Home Int'l Court of Justice Educators get the facts on Belize/Guatemala dispute in bid to further spread information

Educators get the facts on Belize/Guatemala dispute in bid to further spread information

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On April 10, 2019, Belizean’s will go to the polls to vote in a national referendum on whether to take Guatemala’s unfounded claim to the International Court of Justice (ICJ). While many voters are undecided on how they will vote, the International Referendum Unit in the Ministry of Foreign Affairs is conducting their education campaign countrywide.  This morning two-hundred principals and teachers took part in the education process.  Love News stopped by and spoke with Darlene Lozano, Education Officer at the Belize District Education Centre who says that today’s session is the result of a collective decision of the school principals in the Belize District.

Darlene Lozano Education Officetingr: “We are expec them to take the information and share the information with the staff of their school as well as to inform our students the Belize Guatemala dispute, that’s history, that’s part of our education system and for us to effectively teach these issues to our students we need to know, we need to understand the concepts, we need to have a deep understanding so when that when we relate it they can also understand the issues and have systems set up. We as teachers teach our students and the students take the information out so we don’t want the teachers to give a biased view of just saying no or just saying yes but for them to understand the critical perspective and for them to understand the evidence, the critical perspective of the presentation will have them thinking and have them asking questions, the evidence based perspective will allow them to look at the evidence that is presented, the treaties and all the implications to better make an informed decision.”

The two presenters were Ambassador of Belize to Guatemala, His Excellency Alexis Rosado whose presentation was evidence-based while the presentation by Retired Major Lloyd Jones was dubbed the critical perspective. Ambassador Rosado spoke about the history of Guatemala’s unfounded claim and the merits of taking it to the ICJ.  He noted that any position by Guatemala would have to be tested against the law and the evidence.

H.E. Alexis Rosado Ambassador Belize to Guatemala: “What we have agreed with Guatemala under the special agreement, of course it is all subject to the will of the people but what the special agreement provides is that the Court will be asked to look at the International law and the evidence and on the basis of that declare and determine where our borders are. Now some people will say well we already know where our borders are but the problem is that our neighbors do not agree so the question is seeking for the court to look at treaties, look at customer international law and look at their own past decisions when it comes to boundary and territorial disputes and then match that with the evidence on that basis and tell who is right and who is wrong, some people seem to think we only have the 1859 Treaty to support our case, we have the 1931 exchange of notes by which the Government of the day accepted clearly that the boundary monuments that were put in place at Crassa a Diyos and Garbutts Falls are what mark the boundary line between the two countries, we also have the boundary monument of Patadas Taos which wasn’t laced there by us, it was placed there by Mexico and Guatemala.”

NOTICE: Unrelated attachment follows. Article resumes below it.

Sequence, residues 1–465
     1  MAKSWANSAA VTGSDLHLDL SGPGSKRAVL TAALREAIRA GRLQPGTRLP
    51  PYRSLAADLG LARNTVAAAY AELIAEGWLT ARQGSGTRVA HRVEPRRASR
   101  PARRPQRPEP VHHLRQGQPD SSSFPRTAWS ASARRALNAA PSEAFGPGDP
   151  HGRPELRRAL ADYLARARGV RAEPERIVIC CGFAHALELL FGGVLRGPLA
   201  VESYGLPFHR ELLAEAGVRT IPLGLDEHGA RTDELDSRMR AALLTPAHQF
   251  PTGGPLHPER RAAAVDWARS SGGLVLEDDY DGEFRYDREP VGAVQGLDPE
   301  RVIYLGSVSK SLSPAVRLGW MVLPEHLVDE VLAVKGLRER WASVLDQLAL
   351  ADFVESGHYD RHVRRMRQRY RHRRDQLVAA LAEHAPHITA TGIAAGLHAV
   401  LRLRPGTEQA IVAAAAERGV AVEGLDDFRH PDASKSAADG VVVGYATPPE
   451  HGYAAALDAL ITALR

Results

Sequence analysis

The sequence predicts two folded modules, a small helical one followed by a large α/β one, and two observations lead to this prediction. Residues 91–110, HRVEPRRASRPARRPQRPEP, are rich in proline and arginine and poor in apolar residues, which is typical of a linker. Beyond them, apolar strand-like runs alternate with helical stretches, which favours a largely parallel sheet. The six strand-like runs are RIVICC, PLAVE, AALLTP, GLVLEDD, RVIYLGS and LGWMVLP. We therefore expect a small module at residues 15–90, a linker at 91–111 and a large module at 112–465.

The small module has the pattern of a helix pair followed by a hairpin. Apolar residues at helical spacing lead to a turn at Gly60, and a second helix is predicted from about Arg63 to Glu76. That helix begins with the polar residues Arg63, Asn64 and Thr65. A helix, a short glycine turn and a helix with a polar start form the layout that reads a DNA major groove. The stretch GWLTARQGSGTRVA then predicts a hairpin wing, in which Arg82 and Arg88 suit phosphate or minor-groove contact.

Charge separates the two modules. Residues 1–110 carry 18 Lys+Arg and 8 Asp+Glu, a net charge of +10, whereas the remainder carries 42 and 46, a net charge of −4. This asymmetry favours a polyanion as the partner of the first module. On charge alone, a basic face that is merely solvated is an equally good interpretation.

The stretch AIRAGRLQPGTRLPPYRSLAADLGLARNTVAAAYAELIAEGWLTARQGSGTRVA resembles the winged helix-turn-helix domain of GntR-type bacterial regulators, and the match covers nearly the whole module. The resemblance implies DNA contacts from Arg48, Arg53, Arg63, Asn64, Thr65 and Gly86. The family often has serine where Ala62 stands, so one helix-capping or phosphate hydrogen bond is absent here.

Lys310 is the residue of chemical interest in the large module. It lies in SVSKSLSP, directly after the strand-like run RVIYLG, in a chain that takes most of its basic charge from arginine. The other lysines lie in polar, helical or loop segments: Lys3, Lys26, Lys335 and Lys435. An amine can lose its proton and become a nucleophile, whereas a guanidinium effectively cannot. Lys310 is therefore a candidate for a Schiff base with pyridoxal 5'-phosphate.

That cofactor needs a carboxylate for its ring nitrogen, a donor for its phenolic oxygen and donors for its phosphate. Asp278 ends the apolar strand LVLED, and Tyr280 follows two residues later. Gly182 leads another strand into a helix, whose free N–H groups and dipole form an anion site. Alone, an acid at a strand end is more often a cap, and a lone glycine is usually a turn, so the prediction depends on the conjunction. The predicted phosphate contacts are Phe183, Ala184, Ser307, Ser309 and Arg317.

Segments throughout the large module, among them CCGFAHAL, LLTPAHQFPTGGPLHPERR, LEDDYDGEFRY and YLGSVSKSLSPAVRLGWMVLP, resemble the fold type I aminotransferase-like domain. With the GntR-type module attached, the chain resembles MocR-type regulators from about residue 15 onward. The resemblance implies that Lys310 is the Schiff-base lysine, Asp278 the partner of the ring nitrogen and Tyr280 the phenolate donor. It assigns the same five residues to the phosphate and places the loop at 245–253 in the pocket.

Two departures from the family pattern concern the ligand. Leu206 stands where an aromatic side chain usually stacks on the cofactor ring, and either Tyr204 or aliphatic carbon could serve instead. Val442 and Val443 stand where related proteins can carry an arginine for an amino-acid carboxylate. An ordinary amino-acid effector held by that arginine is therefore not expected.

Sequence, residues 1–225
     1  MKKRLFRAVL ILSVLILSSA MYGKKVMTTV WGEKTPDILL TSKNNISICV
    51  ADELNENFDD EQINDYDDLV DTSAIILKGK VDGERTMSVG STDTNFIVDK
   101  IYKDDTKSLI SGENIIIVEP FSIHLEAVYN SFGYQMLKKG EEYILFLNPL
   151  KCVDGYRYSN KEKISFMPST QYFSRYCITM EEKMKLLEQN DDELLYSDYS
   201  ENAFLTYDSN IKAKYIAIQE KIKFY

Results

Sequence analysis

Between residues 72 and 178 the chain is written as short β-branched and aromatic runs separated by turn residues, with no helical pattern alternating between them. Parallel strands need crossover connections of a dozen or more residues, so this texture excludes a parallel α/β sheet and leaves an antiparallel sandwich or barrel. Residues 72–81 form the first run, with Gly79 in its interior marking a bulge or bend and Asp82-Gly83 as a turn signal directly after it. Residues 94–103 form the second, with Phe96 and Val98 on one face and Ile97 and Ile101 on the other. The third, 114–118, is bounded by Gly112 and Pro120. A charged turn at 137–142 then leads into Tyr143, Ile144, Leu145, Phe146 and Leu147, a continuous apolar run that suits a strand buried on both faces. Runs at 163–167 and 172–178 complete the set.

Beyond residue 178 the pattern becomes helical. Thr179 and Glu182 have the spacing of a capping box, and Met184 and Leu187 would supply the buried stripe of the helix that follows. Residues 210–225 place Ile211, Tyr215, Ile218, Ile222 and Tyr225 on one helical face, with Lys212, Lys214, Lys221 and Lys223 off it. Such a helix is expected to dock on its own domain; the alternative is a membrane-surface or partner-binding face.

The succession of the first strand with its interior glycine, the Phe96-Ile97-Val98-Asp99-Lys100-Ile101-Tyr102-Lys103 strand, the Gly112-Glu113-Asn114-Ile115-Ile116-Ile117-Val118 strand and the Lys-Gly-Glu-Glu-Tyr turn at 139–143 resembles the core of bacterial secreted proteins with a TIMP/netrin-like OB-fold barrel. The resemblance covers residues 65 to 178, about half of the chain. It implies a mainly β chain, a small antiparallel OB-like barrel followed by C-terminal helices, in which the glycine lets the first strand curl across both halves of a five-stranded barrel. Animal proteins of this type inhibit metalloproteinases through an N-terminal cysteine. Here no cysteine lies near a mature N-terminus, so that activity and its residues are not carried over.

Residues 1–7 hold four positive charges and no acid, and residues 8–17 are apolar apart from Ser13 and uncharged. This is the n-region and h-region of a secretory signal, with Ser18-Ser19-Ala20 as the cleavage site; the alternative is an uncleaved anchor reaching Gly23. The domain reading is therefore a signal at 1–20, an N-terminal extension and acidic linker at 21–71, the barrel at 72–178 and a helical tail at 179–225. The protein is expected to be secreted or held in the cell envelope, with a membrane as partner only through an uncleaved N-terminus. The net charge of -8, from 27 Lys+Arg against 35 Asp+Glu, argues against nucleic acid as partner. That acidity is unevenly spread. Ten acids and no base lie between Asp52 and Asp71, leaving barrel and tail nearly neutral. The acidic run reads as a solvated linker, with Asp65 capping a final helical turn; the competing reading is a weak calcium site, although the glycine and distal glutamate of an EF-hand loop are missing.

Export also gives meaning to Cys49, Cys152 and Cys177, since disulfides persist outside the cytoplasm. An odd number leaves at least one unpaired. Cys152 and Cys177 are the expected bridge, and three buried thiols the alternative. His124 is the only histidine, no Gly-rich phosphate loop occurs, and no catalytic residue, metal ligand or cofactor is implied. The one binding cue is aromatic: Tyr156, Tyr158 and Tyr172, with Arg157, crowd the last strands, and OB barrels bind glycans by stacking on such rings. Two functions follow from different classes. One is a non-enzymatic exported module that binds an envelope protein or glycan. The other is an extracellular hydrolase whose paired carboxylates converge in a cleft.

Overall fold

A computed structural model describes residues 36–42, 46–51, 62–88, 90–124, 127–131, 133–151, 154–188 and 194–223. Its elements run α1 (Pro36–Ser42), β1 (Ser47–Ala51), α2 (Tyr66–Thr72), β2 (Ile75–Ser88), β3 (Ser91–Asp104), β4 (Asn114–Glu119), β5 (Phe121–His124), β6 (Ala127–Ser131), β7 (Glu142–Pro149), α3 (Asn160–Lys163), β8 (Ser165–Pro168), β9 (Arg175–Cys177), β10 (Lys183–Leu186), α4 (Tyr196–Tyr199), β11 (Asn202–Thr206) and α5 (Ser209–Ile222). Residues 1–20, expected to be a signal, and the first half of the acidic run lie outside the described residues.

Retired Major Lloyd Jones, in his presentation, looked at alternatives which he classifies as the contentious route and the advisory route, which would seek an opinion and/or advice from external agencies on the 1859 treaty.

RET’D Major Lloyd Jones Presenter: “I started my presentation discussing a little bit about what sovereignty mean, the concept of sovereignty and why that is important in the general discussion about the ICJ and then I looked a little on the state of Belize’s defence, how competent and capable are we of defending ourselves and then I look at an alternative to the current ICJ contentious route to look at a possibility of an advisory opinion that can yield the same outcome but will be less risky. The contentious case is reserved for states and the advisory opinion is reserved  for organs and agencies of the UN so we could ask one of those organs, in this case the General Assembly to ask the ICJ for advisory opinion and the advisory opinion will very simple, is the 1859 Treaty valid and if the ICJ says yes then all of this goes away and there is no risk for the territory of Belize as is currently the case of this contentious case.”

While the advisory route is a possibility, Ambassador Rosado noted that it would not settle the dispute since it is non-binding.

H.E. Alexis Rosado Ambassador Belize to Guatemala: “The difference between the two is simply that one is binding and one is non binding. One has to be respected an recognized and abided by and the other one doesn’t. Now because the advisory opinion does not settle it, it might give us a good moral boost, it might confirm our legal position but it is not binding on Guatemala, it would not be binding on anybody else so we might feel better about ourselves, that we have the court on our sides should  it consider it for an advisory opinion but it doesn’t settle disputes. The binding option ,what we are  asked to consider now is to bring finality to it.

There is no exact figure as to how much the referendum campaign and process are going to cost Belize.  Donations have come in from external agencies including the US Embassy, the UNDP, the OAS and the British High Commission but no report has been officially distributed on the expenditure thus far.

 

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